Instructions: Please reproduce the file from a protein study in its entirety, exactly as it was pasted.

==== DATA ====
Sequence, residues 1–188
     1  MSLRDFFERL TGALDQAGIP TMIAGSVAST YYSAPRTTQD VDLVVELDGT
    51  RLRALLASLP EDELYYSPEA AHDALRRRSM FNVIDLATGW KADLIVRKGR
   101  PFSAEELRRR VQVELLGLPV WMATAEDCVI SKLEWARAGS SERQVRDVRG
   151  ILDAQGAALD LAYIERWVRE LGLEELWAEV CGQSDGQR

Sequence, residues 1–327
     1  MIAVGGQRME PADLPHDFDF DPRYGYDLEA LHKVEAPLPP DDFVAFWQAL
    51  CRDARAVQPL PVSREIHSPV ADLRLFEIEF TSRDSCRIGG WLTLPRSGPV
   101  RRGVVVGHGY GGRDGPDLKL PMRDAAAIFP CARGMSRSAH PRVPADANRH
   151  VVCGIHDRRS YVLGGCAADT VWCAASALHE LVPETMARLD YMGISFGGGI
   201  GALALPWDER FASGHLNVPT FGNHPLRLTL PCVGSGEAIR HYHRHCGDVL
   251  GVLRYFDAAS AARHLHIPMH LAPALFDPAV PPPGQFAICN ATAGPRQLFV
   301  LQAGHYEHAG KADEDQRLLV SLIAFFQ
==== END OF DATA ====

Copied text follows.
Sequence, residues 1–188
     1  MSLRDFFERL TGALDQAGIP TMIAGSVAST YYSAPRTTQD VDLVVELDGT
    51  RLRALLASLP EDELYYSPEA AHDALRRRSM FNVIDLATGW KADLIVRKGR
   101  PFSAEELRRR VQVELLGLPV WMATAEDCVI SKLEWARAGS SERQVRDVRG
   151  ILDAQGAALD LAYIERWVRE LGLEELWAEV CGQSDGQR

Sequence, residues 1–327
     1  MIAVGGQRME PADLPHDFDF DPRYGYDLEA LHKVEAPLPP DDFVAFWQAL
    51  CRDARAVQPL PVSREIHSPV ADLRLFEIEF TSRDSCRIGG WLTLPRSGPV
   101  RRGVVVGHGY GGRDGPDLKL PMRDAAAIFP CARGMSRSAH PRVPADANRH
   151  VVCGIHDRRS YVLGGCAADT VWCAASALHE LVPETMARLD YMGISFGGGI
   201  GALALPWDER FASGHLNVPT FGNHPLRLTL PCVGSGEAIR HYHRHCGDVL
   251  GVLRYFDAAS AARHLHIPMH LAPALFDPAV PPPGQFAICN ATAGPRQLFV
   301  LQAGHYEHAG KADEDQRLLV SLIAFFQ